Quality can be a very subjective aspect of food, based on each consumer’s perspective and expectations. For this reason, sensory panels are a critical component of new product development. But the COVID-19 pandemic has significantly limited the ability to conduct panels in the same way as in the past.
To determine the impact of this and what businesses can do to work around it, QA solicited input from three university sensory panel experts. Following are responses and recommendations from Mary Ellen Camire, Professor of Food Science & Human Nutrition, University of Maine; Julie Reiling, Senior Consultant, The Food Processing Center, University of Nebraska-Lincoln; and Wes Schilling, Professor, Food Science, Mississippi State University.
1. What impact has COVID-19 had on food/beverage sensory panels?
Schilling: It has made it challenging to conduct consumer acceptance tests with a large number of panelists. Our specific sensory laboratory has relied more on trained sensory descriptive panels to evaluate food products when we would have preferred to run consumer tests.
Camire: The loss of smell (anosmia) and loss of taste (ageusia) are common early symptoms of COVID-19. Potential research participants may not know that they are infected or that their chemical senses are impaired. People who cannot smell or taste food may still be able to evaluate appearance and texture, but the risk for the spread of the virus may negate any benefits of data collection. Also, fewer people can be tested at one time to limit their potential exposure to the virus, thus testing can take longer and be more expensive to conduct. We are still learning the efficacy of ultraviolet lights to disinfect testing sites and computers used to record data. At the University of Maine, we have modified graduate student research projects to be online consumer surveys so that students are able to graduate on schedule.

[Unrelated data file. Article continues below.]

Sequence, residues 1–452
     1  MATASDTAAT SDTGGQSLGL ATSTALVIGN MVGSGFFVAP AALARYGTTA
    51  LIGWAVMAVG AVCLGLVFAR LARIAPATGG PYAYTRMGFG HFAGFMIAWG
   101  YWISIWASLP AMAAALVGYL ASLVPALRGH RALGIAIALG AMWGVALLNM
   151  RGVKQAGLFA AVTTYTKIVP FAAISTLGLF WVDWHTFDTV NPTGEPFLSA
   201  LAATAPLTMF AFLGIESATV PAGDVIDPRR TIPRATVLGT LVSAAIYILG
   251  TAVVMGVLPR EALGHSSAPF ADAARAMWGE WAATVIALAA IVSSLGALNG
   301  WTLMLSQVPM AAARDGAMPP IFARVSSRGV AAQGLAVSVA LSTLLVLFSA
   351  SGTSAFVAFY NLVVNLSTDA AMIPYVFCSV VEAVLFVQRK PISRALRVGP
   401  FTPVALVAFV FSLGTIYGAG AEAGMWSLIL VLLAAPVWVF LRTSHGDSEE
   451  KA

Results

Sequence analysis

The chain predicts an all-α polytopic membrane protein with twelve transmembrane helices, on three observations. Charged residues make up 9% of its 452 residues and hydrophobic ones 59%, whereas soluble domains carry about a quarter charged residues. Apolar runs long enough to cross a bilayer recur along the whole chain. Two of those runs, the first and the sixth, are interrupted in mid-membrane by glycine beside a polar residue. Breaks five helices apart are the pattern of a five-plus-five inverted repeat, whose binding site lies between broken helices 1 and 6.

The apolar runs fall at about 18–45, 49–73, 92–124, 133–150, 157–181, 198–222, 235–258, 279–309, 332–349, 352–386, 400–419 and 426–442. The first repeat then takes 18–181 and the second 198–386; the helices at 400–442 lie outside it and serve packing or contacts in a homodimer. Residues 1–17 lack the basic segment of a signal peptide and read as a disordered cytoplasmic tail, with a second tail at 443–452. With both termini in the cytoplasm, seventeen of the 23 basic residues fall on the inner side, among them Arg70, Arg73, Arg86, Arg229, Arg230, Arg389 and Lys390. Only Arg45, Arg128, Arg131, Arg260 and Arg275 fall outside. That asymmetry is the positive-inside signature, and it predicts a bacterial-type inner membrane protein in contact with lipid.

Reiling: We are a very small sensory lab. We don’t have a database of potential panelists that we can sort through nor do we really offer any QDA or focus groups. Being part of the University of Nebraska, we are subject to their rules and regulations. Classes were cancelled at the end of March of 2020. Soon after we were also informed that all in-person human testing was required to cease. Most employees were told to work remotely from home if at all possible. This ban was kept in place until in-person classes started again at the end of August. I had a sensory panel scheduled in early April that was postponed. That panel was finally run a couple of weeks ago. I have been fortunate to still have enough people willing to come in and taste as several of my regular panelists are still working at least part time from home and grad students are staggering when they are working in their labs.